• That was Viki from Small Wonder
  • by erice (13380) on Wednesday May 14, 2014 @08:25PM (#47005127) Homepage

    From TFA:

    By studying the mitochondria from cow heart cells, the researchers found that -KG blocks ATP synthase, thus turning down the cell’s metabolism.

    Funny. You know what happens when you turn a cell's metabolism? It burns few calories. If you don't reduce calorie intake you get fat and suffer from a variety of obesity related illness that might kill you earlier than if you had not started taking the medication.

    So in exchange for a possibly longer life you get to eat little and do little. Surprise, surprise! That is just like Calorie Restriction, albeit without the consistency requirement. That means you might actually achieve some benefit for the sacrifice rather than making the sacrifice, not getting it quite right, and getting no benefit.

    Still, this doesn't sound like the fountain of youth. More like a prolonged living death.

  • by 140Mandak262Jamuna (970587) on Wednesday May 14, 2014 @08:39PM (#47005213) Journal
    People who are eating this dietary supplement find all kinds of worms living in their guts living 50% longer.
  • by PvtVoid (1252388) on Wednesday May 14, 2014 @09:18PM (#47005433)
    I'll stick with the blood of the young [theguardian.com], thank you very much.
  • Science breakthrough, posted by samzenpus == LIE
  • Foods-and-nutrition experts have known for decades that calorie restriction itself is a dead-end - and not for the reasons given so far in this article.

    Turns out that, while calorie restriction does retard aging, it also retards the functionality of the immune system.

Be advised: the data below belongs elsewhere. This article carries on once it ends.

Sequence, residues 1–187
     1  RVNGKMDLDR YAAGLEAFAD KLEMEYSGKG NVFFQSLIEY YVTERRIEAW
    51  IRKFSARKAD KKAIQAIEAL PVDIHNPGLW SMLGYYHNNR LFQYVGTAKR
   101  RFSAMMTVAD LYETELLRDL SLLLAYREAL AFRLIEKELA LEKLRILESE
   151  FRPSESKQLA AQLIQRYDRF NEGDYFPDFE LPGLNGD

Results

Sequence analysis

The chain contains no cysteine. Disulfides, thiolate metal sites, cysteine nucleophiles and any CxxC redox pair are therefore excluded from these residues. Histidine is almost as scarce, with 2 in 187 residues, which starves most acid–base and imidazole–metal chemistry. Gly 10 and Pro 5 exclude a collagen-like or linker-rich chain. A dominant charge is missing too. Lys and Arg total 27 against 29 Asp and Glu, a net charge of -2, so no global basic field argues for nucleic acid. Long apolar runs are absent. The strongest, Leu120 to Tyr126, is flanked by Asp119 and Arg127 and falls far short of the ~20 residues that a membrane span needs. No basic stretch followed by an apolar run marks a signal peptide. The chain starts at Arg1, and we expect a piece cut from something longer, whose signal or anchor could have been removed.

Calorie-restrict a rat in a lab, where it's protected from most pathogens, and it lives measurably longer and shows signs of aging later, in proportion. Calorie-restrict a rat exposed to an outdoor environment, and it dies young of disease.

    Thi

    • by arobatino (46791)

      Foods-and-nutrition experts have known for decades that calorie restriction itself is a dead-end - and not for the reasons given so far in this article.

      Turns out that, while calorie restriction does retard aging, it also retards the functionality of the immune system.

      Since most humans now live in an environment which is much more shielded than what we evolved in, and evolution hasn't had time to catch up, it's plausible that a tradeoff like that might be worthwhile.

  • A team of researchers has found that this molecule boosts the lifespan of worms by more than 50%

    That is great news for the leeches of our society.

  • quantities in every cell in your body. It is one of the tricarboxylic acid cycle (Kreb's cycle) intermediates produced from either the amino acid glutamate, or from isocitrate. It is not a limiting molecule in the Kreb's cycle, and giving it to humans will not have any effect on human longevity. As noted already, many bodybuilders take it every day because they think it will give them more energy. Worms and humans do not have similar life cycles. Many things that don't affect the longevity of humans increase the lifespan of worms. The research into making geriatric worms is really a waste of time and money.
  • Now we know; no need to click on those ads anymore!

All life evolves by the differential survival of replicating entities. -- Dawkins